Could ‘an ark in a freezer’ move behind mislaid animals?

Inside a San Diego Zoo Institute for Conservation Research a few miles outward a city, in an artless building that smells like cleaning supplies, is a Frozen Zoo.

It’s an ark, really—”an ark in a freezer!” as Zach Baron writes in a underline essay for GQ—comprising 10,000 samples that paint roughly 1,000 class and sub-species.

It’s something to reason onto as a world loses all from “vital small soldiers like bees” to a “big charismatic mega-fauna like elephants.” And what a honeyed irony, if a synthetic origination like a freezer of vials turns out to revive some of a synthetic catastrophes of complicated time, from over-hunting to wickedness to meridian change.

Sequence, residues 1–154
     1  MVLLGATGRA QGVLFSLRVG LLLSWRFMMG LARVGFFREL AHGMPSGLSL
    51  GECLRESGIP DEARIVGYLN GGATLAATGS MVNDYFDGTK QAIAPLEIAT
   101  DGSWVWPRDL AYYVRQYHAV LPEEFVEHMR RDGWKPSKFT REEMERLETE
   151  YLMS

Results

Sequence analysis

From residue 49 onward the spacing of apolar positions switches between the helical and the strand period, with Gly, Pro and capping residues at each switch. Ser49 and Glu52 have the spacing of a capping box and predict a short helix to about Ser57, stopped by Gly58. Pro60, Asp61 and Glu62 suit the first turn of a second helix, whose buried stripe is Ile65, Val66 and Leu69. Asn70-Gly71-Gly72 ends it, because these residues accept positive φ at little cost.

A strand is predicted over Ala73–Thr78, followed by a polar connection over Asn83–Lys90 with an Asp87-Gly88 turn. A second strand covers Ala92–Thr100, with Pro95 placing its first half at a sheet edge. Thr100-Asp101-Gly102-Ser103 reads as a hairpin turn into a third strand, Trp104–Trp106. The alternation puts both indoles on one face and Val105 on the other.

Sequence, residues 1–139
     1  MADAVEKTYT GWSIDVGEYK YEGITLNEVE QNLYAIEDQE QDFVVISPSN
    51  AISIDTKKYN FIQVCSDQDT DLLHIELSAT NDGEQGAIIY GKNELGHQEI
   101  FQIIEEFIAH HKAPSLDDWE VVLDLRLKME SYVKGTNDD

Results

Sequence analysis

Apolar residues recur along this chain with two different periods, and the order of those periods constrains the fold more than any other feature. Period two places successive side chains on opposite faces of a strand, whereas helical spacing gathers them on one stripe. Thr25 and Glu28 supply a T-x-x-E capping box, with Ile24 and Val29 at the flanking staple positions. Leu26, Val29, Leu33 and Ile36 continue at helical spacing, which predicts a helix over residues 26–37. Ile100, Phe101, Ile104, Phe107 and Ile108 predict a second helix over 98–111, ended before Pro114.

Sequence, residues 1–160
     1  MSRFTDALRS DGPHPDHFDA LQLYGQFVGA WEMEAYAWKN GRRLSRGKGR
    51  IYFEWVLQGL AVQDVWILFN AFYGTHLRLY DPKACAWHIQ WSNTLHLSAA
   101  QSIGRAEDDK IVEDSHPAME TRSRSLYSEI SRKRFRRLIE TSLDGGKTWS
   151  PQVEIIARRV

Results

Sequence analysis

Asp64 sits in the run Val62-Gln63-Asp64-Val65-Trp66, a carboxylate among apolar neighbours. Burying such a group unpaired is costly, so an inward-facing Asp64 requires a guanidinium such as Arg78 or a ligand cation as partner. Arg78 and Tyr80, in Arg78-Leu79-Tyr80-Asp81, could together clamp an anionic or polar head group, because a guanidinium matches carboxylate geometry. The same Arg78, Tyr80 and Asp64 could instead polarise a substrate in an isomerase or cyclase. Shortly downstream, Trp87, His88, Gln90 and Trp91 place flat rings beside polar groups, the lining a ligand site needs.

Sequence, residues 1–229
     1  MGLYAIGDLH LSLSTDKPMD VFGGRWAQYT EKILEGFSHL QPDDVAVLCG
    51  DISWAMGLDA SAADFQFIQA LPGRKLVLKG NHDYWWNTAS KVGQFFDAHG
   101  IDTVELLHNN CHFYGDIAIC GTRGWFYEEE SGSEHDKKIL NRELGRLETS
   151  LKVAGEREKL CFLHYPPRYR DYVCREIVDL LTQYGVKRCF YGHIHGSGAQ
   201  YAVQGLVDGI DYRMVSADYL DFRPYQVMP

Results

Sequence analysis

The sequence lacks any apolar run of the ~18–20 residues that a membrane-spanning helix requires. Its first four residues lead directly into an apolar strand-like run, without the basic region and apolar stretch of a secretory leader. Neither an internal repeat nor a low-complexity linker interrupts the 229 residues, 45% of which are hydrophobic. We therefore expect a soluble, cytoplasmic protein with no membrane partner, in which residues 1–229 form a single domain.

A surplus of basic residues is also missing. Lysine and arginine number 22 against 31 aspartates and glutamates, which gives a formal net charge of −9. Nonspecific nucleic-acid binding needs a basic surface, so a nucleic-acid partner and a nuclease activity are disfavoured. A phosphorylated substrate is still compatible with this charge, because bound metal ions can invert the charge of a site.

Some of a animals in a Frozen Zoo still ramble a Earth, while others, like a Hawaiian bird po’ouli, are already extinct, and still some-more are inching ever closer toward extinction.

Baron reports that a “ark” is partial museum, to catalog a farrago of life on a planet, and partial apparatus for those who need samples for research.

But a third reason sensitively lives on, too: reanimation, or a probability therein. The record already exists, for example, to clone. Technological advances advise that there is during slightest a probability to someday replenish mislaid ecosystems.

Some important scientists call it “rearranging a rug chairs on a Titanic,” as Paul Ehrlich told a Washington Post final year. Saving cells isn’t, after all, saving species.

Yet. (A entertain of all mammals are now at risk of extinction.)

This essay creatively seemed on Newser: Could an ‘Ark in a Freezer’ Bring Back Lost Animals?

Article source: